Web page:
Someone told me an artist isn't an artist if he has to explain himself.

I bet that someone was... an agent.

Tuesday, December 12, 2006

Kitschen Sink


To a college student, everything that sucks is marvelous. It's wry to like that which is dreadful, and odd, and bad.

That used to be a straightforward thing. You'd search around for something nobody wanted, and for good reason, and want it in spades. If you were a tastemaker, pretty soon everybody would want one too, and then you'd move on to browner pastures.

That well has been poisoned, of course, because instead of trying really hard to make something good, and failing miserably in just the right manner, manipulative viral tastemakers are now trying to make something deliberately crummy that seems accidentally crappy. I can't like that stuff, because it is like going hunting in those game preserves you read about where they drug some wild beast and keep it drooling and tottering around in a corral and the idle rich show up and cap them like a mob hit. I like my kitsch free range, thank you.

This is bad. Compellingly bad. Interplanetary, extraordinary bad. Hey look, homely women in ill-fitting reform school prom dresses are banging away at a song like it's a railroad spike --a song that could be entered as exonerating evidence in a rage murder trial --while a little greasy troll with some sort of nervous affliction beats an upright doghouse like it was a puppy next to a stained carpet.

It's sublimely bad. Let's like it.

Monday, December 11, 2006

Overtime

(It's important for me to offer the disclaimer first, and forcefully:I'm not complaining. In the real scheme of things, I don't have a care in the world.)

I don't know how many days in a row I've worked. I can't remember. I was making clocks last night a 10:30. I'm not sure what that means, except that five people want clocks and I didn't have any and I ran out of week and kept going.

I've supervised the activities of construction workers, from one person to hundreds, with varying degrees of success, since I was young and Carter was president. I learned something funny about overtime, and construction workers. I'm not a construction worker any more, really, but there's a great deal of overlap.

I learned that in general, it was impossible to give a construction worker a meaningful raise, or to have them work overtime. This requires explaining.

The amount of money a construction worker would make would make prodigious jumps. It almost always involved going to a different employer. I tripled my income in one evening by simply sitting still and listening to an offer in a barroom once, for instance.

But once any construction worker in any informal non-corporate setting was ensconced in my care, I was never able to give them a raise in any meaningful way. I was constantly giving them more money, but it was never a raise.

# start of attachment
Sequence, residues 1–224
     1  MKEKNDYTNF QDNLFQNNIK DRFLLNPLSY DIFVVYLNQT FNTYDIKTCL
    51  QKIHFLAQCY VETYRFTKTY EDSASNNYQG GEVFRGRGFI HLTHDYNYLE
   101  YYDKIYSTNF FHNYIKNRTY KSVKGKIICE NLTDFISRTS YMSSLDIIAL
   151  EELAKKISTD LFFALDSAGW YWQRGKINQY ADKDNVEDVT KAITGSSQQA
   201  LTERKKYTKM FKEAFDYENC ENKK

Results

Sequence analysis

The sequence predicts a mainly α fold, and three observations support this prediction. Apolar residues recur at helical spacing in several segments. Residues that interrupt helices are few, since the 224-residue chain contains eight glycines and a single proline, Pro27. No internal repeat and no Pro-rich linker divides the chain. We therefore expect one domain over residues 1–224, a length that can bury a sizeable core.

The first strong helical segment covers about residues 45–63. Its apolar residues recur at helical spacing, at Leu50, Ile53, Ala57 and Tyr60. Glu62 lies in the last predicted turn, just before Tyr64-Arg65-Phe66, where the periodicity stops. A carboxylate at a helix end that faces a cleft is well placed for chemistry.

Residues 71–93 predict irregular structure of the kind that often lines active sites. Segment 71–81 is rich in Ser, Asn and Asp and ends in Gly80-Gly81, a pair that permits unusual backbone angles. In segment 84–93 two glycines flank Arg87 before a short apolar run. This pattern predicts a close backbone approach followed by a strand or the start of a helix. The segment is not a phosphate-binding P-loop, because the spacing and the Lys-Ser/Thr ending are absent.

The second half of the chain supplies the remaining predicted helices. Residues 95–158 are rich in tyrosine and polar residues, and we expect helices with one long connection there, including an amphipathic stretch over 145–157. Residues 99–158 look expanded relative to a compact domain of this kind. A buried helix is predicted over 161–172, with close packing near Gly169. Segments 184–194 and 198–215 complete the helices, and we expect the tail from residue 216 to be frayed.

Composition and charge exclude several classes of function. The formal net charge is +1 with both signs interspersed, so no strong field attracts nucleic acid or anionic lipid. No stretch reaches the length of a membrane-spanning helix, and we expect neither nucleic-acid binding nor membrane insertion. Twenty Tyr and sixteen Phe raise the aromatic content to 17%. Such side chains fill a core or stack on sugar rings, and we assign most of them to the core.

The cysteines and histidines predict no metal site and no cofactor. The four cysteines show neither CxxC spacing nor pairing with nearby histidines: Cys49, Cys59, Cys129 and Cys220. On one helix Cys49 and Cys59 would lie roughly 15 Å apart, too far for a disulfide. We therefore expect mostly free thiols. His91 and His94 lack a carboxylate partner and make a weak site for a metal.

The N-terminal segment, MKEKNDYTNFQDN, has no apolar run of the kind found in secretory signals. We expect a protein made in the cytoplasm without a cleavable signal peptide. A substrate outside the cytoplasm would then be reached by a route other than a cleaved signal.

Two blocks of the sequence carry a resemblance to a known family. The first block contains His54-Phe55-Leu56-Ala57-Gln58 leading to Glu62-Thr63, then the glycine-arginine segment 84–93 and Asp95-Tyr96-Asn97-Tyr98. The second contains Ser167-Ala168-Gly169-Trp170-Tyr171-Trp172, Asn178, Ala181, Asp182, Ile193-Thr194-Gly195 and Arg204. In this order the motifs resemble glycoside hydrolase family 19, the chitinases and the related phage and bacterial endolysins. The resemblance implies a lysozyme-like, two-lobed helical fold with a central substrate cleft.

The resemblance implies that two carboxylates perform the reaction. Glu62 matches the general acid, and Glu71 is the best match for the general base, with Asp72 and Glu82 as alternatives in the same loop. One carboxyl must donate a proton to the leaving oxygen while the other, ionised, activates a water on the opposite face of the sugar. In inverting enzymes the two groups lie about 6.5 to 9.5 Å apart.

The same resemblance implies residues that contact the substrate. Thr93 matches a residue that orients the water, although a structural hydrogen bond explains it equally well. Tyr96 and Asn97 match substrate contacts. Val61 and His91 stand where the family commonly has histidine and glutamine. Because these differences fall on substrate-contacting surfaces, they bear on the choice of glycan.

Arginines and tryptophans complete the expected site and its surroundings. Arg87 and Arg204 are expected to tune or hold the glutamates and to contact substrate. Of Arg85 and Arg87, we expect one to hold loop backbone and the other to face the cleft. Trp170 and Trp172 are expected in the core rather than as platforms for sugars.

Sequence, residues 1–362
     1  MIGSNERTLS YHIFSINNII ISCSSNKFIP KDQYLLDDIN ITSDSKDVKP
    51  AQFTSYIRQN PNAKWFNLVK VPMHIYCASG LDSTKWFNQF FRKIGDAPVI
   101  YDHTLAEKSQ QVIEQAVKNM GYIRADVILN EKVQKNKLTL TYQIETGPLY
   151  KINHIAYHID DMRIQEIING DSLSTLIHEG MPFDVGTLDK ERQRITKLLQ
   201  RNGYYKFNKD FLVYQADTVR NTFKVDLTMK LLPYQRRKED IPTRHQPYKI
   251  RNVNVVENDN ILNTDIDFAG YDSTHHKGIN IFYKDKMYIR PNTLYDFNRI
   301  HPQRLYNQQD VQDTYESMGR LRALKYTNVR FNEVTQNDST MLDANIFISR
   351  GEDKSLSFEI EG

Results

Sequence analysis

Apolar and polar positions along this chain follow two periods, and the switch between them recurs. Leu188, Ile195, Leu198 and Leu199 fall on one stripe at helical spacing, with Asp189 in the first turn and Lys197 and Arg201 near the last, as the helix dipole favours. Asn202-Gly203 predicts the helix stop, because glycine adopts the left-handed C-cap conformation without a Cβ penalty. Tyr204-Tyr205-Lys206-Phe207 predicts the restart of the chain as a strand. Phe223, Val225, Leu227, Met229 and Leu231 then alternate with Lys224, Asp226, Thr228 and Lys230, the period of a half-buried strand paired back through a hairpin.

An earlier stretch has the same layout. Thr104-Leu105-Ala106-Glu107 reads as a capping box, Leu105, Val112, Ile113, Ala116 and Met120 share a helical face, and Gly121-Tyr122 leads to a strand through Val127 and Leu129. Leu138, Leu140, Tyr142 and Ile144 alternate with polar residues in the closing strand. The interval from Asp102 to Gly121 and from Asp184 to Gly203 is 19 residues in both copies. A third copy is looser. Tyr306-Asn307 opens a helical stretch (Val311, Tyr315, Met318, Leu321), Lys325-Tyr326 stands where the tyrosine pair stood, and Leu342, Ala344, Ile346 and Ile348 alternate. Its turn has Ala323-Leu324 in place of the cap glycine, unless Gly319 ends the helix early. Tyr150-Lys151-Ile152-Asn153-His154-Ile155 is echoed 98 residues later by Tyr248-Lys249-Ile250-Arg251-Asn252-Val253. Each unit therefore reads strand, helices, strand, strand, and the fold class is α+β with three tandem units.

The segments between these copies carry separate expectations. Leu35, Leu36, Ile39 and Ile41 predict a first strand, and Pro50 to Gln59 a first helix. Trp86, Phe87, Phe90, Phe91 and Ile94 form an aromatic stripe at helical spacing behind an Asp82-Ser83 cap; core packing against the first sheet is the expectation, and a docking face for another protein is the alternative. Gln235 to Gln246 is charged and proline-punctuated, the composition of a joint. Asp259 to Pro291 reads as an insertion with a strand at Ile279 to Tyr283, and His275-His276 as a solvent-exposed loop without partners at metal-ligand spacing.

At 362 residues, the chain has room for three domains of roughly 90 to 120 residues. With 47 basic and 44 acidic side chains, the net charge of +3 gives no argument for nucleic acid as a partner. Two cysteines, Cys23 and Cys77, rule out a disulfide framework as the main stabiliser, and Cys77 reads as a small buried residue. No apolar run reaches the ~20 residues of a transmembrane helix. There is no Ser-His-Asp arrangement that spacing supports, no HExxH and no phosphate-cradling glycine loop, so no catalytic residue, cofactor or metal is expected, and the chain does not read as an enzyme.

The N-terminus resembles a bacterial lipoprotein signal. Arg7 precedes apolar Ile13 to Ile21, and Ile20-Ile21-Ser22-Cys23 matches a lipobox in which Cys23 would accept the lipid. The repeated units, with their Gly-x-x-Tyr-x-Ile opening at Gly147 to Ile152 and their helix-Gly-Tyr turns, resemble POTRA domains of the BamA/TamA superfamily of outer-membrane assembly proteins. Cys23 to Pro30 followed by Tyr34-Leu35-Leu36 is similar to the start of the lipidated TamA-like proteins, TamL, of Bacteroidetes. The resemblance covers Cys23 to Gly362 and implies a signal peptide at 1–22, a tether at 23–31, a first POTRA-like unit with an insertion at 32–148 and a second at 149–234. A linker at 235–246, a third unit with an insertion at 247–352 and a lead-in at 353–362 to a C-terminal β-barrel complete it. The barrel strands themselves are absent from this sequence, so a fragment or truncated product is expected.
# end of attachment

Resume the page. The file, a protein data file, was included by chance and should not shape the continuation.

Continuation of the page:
I know that seems odd, but here's how it works: The construction worker finds a situation that is tolerable to them. They need to be able to listen to precisely the type of death metal or talk radio they prefer, at flight deck volume, and be dressed in rags if they so choose. They generally never want to talk to the end user. Drug testing is right out. There's a certain aversion to alarm clocks. There is never any aversion to having your affairs sorted out in a court.

They have a certain amount of fiscal requirements that they can recount instantly. And once their needs are met, they don't care a fig about your money. If you give them more money, they work less, because they don't think they need it. They need free time above all, and take it. If their circumstances change drastically, they have a tendency to make drastic changes in their work situation to make the fiscal adjustment, and start all over again. And construction workers will work incredible amounts of overtime when they need money, but they will never work more than 2000 hours a year. They'll work 2000 hours in a row, and then disappear.

When a customer hires a construction worker directly, they are often mystified that he often doesn't show up, and doesn't answer the phone. They shouldn't be mystified. It's very simple. They have not run out of money yet today. If they had, they'd be trying to climb in your windows at 5:00 am to get an early start, and a down payment.

When the informal worker gets tired of all the amusements of the idle poor, like deer hunting and darts and drinking and Keno and so forth, they generally go into another line of work, or they go to a big official construction company, or a union setting. A marriage and a certain amount of maturity is often the petri dish where this newfangled reliability is incubated. And in that new and official situation, they switch over to making sure they never work past 4:01, or on Saturday, and that's that.